It took considerable planning (scheming) to make it outside, unchaperoned — and free — to spend much of the afternoon shuffling up a hill that I used to jog in 15 minutes. But that was long ago. The fact that I made it up at all — on my own — will soon be an additional conversation point for the younger geezers, grannies and staff back at the home. Even if they will never know the care I took to carry this one red rose.

The dirt trail has widened with increased foot traffic over the years, although there was no one visible in any direction, as was often the case on many of the times I’ve stood here in past Central California winters. It was the summer sun that attracted the majority.

This dilapidated skeleton has outlived its purpose. It’s no more representative of who I am than any of the cars I’ve bought and driven over the decades. Each provides some period of good use until their inevitable decay renders them unfit for service.

Back at the home, some of the oldsters have spoken about heaven and hell. I don’t know what will transpire, but I suspect those two notions won’t. Although I find the promise of a permanent vacation without being debilitated by age somewhat appealing, I do not consider I’ve been good enough to be such a beneficiary. Nor do I consider that I’ve been so bad as to be banished to eternal damnation. Despite, so long ago, when Ethel expressed such to be my destination after I inadvertently spilled white paint on top of her three pumpkin pies that were cooling in preparation for Thanksgiving the following day. Nor did it matter that it was she who encouraged (demanded) that I touch up the ceiling in advance of the next day’s visitors.

Anyway, I doubt any external force could impute greater woe to myself than I. Perhaps this long-lived mental curse may now end.

However, my experience with Ethel, when she passed, makes me think consciousness continues in some form. I just hope that if memories do go on, the bad ones won’t. But really, that would seem to require selective forgetting.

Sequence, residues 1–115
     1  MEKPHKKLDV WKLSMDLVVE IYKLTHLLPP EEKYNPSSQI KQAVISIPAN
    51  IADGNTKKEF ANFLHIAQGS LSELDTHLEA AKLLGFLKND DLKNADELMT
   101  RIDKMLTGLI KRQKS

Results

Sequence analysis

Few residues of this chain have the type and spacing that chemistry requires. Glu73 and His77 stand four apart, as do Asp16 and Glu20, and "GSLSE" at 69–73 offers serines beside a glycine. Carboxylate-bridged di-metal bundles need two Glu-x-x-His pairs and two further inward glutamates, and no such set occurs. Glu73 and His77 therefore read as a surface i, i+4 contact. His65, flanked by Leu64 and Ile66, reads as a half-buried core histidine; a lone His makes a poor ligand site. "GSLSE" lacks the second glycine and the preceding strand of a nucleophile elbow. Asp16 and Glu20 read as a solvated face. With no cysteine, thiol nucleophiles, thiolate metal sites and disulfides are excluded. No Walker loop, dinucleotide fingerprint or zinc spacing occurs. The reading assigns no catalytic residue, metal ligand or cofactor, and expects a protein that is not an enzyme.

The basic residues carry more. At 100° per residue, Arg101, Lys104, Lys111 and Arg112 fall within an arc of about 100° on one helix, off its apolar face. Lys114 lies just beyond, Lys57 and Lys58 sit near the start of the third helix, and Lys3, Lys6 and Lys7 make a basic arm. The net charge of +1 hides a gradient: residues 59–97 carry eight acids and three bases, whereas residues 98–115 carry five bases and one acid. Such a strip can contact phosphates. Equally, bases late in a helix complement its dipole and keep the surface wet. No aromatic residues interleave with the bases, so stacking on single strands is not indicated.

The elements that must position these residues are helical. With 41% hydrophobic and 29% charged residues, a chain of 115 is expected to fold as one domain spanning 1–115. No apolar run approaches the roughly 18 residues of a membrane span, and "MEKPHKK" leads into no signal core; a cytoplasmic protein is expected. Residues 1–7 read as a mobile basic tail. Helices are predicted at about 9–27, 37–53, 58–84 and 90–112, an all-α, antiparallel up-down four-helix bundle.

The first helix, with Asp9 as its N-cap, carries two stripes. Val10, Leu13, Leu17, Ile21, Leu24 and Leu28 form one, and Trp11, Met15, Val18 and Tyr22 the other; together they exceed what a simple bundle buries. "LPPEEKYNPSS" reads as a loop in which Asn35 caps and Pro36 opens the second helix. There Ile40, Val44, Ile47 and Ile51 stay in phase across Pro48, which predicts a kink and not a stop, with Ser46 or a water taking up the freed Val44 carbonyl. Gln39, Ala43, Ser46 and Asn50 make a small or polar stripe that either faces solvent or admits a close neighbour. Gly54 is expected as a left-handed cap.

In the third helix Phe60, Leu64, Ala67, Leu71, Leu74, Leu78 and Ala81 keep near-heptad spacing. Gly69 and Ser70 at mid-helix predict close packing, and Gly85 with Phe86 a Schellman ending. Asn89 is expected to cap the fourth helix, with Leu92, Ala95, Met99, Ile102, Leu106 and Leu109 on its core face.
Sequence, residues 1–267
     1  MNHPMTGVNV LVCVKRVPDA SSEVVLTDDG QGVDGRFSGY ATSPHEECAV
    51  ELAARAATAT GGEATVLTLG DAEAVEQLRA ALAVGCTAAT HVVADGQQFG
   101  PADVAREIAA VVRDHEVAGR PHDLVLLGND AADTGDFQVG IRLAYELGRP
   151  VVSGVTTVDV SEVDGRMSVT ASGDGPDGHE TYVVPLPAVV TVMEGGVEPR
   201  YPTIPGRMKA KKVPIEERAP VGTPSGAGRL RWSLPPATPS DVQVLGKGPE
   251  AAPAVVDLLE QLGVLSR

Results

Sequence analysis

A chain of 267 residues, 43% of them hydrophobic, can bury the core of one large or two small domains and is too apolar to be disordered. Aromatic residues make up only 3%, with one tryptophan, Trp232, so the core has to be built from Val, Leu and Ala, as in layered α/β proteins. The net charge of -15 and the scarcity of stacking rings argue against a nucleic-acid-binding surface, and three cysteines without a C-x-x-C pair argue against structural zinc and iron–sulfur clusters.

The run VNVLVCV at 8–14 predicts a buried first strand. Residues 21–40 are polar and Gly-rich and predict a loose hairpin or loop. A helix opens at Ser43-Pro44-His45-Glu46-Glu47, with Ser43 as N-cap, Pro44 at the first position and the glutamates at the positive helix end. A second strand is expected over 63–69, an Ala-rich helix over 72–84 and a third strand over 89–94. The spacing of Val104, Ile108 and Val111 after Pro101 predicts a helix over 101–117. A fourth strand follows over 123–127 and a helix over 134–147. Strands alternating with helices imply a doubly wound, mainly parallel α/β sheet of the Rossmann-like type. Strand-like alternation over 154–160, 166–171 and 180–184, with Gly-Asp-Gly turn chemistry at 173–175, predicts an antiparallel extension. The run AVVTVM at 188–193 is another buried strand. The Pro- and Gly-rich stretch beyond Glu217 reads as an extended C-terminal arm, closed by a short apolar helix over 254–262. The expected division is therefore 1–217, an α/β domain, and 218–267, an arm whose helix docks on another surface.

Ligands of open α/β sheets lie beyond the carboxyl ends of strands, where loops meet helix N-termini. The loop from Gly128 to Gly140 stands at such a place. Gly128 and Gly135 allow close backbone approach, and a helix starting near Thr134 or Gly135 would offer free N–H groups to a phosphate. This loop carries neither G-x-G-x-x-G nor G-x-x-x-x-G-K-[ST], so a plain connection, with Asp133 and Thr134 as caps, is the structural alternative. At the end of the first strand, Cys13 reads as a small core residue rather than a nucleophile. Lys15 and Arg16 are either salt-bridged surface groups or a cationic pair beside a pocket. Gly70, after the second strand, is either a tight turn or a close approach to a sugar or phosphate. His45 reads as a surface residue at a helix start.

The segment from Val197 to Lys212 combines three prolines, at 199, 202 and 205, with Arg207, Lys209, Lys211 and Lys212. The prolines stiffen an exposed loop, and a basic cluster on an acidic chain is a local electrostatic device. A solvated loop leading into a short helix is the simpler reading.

Philosophical meanderings aside, after Ethel passed as I held her hand, we continued to wordlessly chat for a while thereafter. She expressed that the pain was gone and was surprised at how energetic she felt. A little while later, she even warned me that a car was coming when I was somberly (and distractedly) backing out from the hospital parking space. Of course, she often did that while she was alive when there was no cause for concern. After all those years of backseat driving, that was the first time I was appreciative of her admonishment.

Having said all that, if the reality of nothingness should be the result of a fresh cadaver, then I won’t have the opportunity to complain. At least the haunting will be gone.

Right now, my view is of serenity: an exhibit of orange stripes rippling over a darkening, watery canvas, reflecting the rays of a sky pointing towards the brightness of eternity.

The tips of my shoes extend over the cliff. As I look down beyond my toes, it’s remarkable that I feel no fear, in contrast to a lifelong apprehension anytime I was near the edge of height. For all the years I’ve stood at this vantage, I usually never approached closer than four or five feet from the edge. Ethel thought I was being a good role model when the kids were small and she would tell them to not get any closer than their father. Back then, as now, there were no barriers to prevent folks from inadvertently going over. At some point, a railing and warning sign was posted. But after years they eventually fell with the receding real estate. Ironically, if one looked carefully, there was still a rusting sign near the bottom of the cliff: “Danger. Unstable Cliffs. Stay Back.”